A few thoughts on slower wage growth over the past few decades

Dec 2018
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New England
#1
You can't talk about wage issues for long before someone from the left will chime in about the glory days of labor just after WWI. It's rather amusing as it's the 1950's that is so of often their favorite decade to throw at conservatives during "social justice" arguments (as in "... you just want to take us back to the 50's when blacks and women knew their places!"). Here's the deal, slower wage growth over the last few decades probably has far more to do with changing demographics and civil rights advances than it does union membership attrition or tax policy.

Several things were true about the labor market right after WWII that are not true today. Immigration was almost zero. Women were excluded from many industries, and if they had a job were expected to leave it and mind the homestead after marriage. Non-European ethnic minorities were effectively barred from all but low-level jobs. The ability to draw on and manage a global workforce in most industries was simply not there. All this means that employers looking to fill good-paying jobs in the halcyon days of union membership had their choice of domestic, white men.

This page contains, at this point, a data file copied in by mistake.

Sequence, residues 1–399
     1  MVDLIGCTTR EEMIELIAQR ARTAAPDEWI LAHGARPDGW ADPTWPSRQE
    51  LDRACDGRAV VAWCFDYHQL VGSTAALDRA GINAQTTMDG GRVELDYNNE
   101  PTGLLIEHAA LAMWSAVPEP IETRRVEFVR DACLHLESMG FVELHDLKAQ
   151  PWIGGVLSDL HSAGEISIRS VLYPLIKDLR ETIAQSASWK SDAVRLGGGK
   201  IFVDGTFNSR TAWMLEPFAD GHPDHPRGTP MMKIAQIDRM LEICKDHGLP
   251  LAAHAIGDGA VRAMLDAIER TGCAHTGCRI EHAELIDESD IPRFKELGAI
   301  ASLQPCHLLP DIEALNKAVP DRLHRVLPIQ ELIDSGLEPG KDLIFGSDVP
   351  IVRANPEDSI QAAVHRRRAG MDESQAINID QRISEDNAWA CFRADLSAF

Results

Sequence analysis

These factors created an artificially scarce labor pool prior to the 1960s. And as any econ 101 student can tell you, scarcity of a desired resource drives up the price of that resource, and the price of labor is wages. Employers now have a vastly larger supply of labor from immigration, women entering and staying in the workforce, off-shore workers, and from many other types of people who simply would not have been candidates for the higher paying jobs in years past.

Labor is a market like any other, and we'd be wise to remember that.